Saturday, June 3, 2023
HomeLatest newsPuerto Rico Employers Offering Internship Programs Must Comply With New Law -...

Puerto Rico Employers Offering Internship Programs Must Comply With New Law – Employee Benefits & Compensation

To print this article, all you need is to be registered or login on

By Irene Viera Matta and Ruy Diaz Gonzalez* on December
29, 2022

On December 27, 2022, Gov. Pedro Pierluisi signed Act 114 of
2022, known as the “Puerto Rico Fair Internships Act”
(Act. 114) into law. Act 114 seeks to offer compensatory
protections to students who are part of internship programs where
existing state and labor legislation do not.

Article 4 of the Act states that the term “internship”
refers to any program of either public or private institutions that
offer learning or work experiences to high school students,
students pursuing higher education degrees, or recent graduates
within a year of graduating. For an internship to be subject to
this Act, its must also meet the following criteria: (1) the
internship must require ten or more hours per week, (2) the
duration of the program must be defined before it begins, (3) the
participants must have a direct supervisor, (4) supervisors must
provide midterm and final evaluations to their participants and
discuss the results with the participants to offer assistance for
their development; and (5) the program must include an educational
component and mentoring initiatives related to skill development,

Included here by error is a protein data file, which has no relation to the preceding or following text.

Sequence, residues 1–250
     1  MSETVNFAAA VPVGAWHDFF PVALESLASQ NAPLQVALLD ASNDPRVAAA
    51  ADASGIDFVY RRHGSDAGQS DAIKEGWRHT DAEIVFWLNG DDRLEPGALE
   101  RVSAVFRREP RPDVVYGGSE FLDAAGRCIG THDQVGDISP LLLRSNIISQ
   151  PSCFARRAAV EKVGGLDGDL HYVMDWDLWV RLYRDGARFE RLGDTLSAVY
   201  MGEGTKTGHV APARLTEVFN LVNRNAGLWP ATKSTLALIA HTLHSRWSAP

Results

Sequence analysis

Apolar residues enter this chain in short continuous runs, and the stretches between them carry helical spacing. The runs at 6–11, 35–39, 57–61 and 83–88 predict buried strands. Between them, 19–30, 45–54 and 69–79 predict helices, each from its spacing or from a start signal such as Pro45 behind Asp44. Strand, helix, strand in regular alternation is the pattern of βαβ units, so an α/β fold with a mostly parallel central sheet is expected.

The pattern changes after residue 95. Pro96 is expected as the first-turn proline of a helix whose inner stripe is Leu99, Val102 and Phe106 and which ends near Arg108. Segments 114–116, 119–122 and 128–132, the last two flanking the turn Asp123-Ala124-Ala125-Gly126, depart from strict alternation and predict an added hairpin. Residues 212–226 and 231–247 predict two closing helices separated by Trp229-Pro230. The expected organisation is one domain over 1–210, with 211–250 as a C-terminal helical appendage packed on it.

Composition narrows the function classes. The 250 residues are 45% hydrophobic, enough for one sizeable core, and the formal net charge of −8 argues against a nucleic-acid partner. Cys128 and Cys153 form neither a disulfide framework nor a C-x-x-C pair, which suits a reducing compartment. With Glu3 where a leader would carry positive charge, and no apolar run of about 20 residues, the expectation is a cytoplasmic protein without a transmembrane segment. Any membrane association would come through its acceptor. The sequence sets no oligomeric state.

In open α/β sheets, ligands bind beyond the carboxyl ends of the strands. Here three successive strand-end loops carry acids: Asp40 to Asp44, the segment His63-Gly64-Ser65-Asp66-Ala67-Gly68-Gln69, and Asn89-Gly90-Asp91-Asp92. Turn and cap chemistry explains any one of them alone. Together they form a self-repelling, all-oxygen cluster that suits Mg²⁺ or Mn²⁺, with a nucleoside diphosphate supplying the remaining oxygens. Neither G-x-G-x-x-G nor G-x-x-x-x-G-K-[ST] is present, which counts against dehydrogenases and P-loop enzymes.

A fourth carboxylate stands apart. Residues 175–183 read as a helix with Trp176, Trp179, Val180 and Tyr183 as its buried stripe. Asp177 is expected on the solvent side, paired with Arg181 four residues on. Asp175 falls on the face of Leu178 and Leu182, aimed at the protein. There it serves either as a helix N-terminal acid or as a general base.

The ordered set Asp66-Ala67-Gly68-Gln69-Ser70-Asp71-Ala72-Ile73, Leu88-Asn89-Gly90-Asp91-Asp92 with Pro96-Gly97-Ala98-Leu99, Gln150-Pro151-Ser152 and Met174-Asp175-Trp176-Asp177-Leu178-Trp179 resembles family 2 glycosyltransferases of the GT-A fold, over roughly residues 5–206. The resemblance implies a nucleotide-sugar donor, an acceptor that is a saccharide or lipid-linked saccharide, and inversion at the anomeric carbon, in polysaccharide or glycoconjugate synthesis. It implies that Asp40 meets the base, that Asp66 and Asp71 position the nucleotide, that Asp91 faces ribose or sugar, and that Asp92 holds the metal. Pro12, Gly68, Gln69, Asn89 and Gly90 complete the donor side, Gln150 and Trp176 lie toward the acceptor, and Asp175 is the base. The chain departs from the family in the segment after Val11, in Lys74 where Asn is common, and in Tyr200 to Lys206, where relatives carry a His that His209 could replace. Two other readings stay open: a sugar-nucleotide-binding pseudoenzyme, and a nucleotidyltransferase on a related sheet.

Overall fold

networking, and professional development.

Internships meeting the abovementioned criteria must offer
compensation to its participants. The compensation is to be
calculated using the federal minimum wage or the state minimum
wage, whichever is higher, or a global stipend based on the time
worked that represents a sum equivalent to the minimum wage that
would have been received during that period.

Act 114 also includes several exemptions for the following:

  1. Programs that are requisites for graduation or in exchange for
    university credits.

  2. Volunteer programs, which are also defined in the Act.

  3. Programs where the participant is limited to only observing
    employees (commonly referred to as “shadowing” programs)
    or where the assigned work does not require any specific skills or
    particular knowledge.

  4. Any volunteer or internship programs offered by federal or
    state departments/agencies.

  5. Non-profit organizations if they can meet certain

Entities seeking exemption must provide certain information,
including: program descriptions, work/task descriptions, duration
of the program, proof of economic burdens, reasons for the need of
assistance, among others.

The Act and its provisions came into effect immediately after
being signed by the Governor.


* Mr. Ruy Gonzalez is pending bar admission.

The content of this article is intended to provide a general
guide to the subject matter. Specialist advice should be sought
about your specific circumstances.

POPULAR ARTICLES ON: Employment and HR from Puerto Rico

México Aumenta El Salario Mínimo General

Littler Mendelson

El 01 de diciembre de 2022, la Comisión Nacional de Salarios Mínimos (CONASAMI), acordó aumentar el salario mínimo general a $207.44 pesos diarios y $312.41 pesos por día en la Zona Libre de la Frontera Norte, a partir del 1 de enero de 2023.

Labour and Employment Comparative Guide

Diaz Miron Y Asociados, S.C.

Labour and Employment Comparative Guide for the jurisdiction of Mexico, check out our comparative guides section to compare across multiple countries

Source link



Please enter your comment!
Please enter your name here

Most Popular

Recent Comments